Yeah, without native apps, the Playbook is dead as an enterprise device, and that's really the only potential market it had.
  • Reply 12 of 83
    Quote:
    Originally Posted by nicolbolas View Post


    B- RIM is not dead (currently is dying however), don't judge a product before it arrives.



    This is not directed towards you but more so to just make a comment. Don't compare it either!
  • Reply 13 of 83
    How about producing a product anybody can buy or even touch before denigrating the competition. I do not believe Mr. Jobs should have made the statement about the other form factors because it actually gives them credence by making Apple look defensive, but Apple does actually have a shipping product that is selling millions of units a month. The reason for that. The apps.



    Brian
  • Reply 14 of 83
    Quote:
    Originally Posted by nicolbolas View Post


    A- RIM will not fail, as ghostface, pointed out below, encryption is something apple does not deal with much, and is important to many orginizations



    I didn't mean die as in out of existance. I meant as in they will have to accept a more diminshed role in market share. More than webOS or Windows Phone 7/mobile of course, but not as much as they are now. I think they lose at least 10-14% if Apple takes encryption seriously, but maybe 6% if they don't. Who knows. I'm not quite sober.
  • Reply 15 of 83
    RIM's circling the bowl, folks. They've got nothing to compete with Apple or even Android.



    Apps are key. RIM has no apps worth discussing. So Jim Ballsilie figures he can pretend apps aren't important and actually get away with it.



  • Reply 16 of 83
    I'm not sure what all of you do for a living, but in my office of attorneys, all sole practitioners, 1/2 still have opted for a blackberry. There are 3 of them, 2 iphones, one android, and one flip phone.



    So, I really don't think they're circling the bowl just yet. And if any of the speed claims of that video turn out to be true, there will be many people who will line up for a 7" tablet.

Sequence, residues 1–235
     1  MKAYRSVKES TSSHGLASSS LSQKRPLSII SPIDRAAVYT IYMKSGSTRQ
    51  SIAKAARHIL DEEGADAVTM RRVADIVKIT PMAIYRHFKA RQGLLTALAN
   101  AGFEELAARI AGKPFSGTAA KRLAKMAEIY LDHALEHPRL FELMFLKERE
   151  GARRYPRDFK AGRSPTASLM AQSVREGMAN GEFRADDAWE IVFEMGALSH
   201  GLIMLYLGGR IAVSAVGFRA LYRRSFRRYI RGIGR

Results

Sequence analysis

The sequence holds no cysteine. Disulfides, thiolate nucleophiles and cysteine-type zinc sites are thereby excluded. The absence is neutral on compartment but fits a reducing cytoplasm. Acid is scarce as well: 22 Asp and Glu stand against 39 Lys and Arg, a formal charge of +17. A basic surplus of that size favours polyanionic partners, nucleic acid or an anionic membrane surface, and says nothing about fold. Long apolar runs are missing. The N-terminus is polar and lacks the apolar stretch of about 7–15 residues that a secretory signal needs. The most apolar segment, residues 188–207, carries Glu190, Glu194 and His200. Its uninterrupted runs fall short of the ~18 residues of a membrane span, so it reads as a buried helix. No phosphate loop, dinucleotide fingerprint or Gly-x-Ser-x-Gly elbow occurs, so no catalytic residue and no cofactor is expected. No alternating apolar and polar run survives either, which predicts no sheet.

Also, in the business world there are a lot of people who just hate Apple.
  • Reply 17 of 83
    It's funny how just a few years ago everyone I knew referred to RIM as having a distortion field. They were the furthest behind in every way in the technology of their BlackBerry's and business people would line up to buy their outdated crap. It took 2 weeks minimum to get a new model, but it was worth it because it was a BlackBerry. Now when someone else releases something that's actually new and revolutionary, they are just jealous that they have lost their magic.
  • Reply 18 of 83
    Quote:
    Originally Posted by Crimguy View Post


    I'm not sure what all of you do for a living, but in my office of attorneys, all sole practitioners, 1/2 still have opted for a blackberry. There are 3 of them, 2 iphones, one android, and one flip phone.



    So, I really don't think they're circling the bowl just yet. And if any of the speed claims of that video turn out to be true, there will be many people who will line up for a 7" tablet.



    Also, in the business world there are a lot of people who just hate Apple.



    Eh, maybe. Not at Stanford Hospital though. My doctor and his intern both had iPads and they were taking notes and issuing orders. The doctor told me they are set up with an intranet and can access client's files, film, lab results etc. My whole case could be seen with the iPad.



    He said it was a whole lot easier than having to sit down at a workstation. Pretty nifty, eh?
  • Reply 19 of 83
    Don't know if this has been posted here yet. Thought I'd share. Saw it over at Daring Fireball which linked to laughingsquid.com. Pretty spot on, I'd say...



  • Reply 20 of 83
    Quote:
    Originally Posted by Tofino View Post


    "You finally showed up."



    That's rich.



    How long did it take to get blackberry synching software for the Mac from RIM again?

    About two years after nobody cared any more?



    He said:"you finally showed up" as Rim is leaving the party.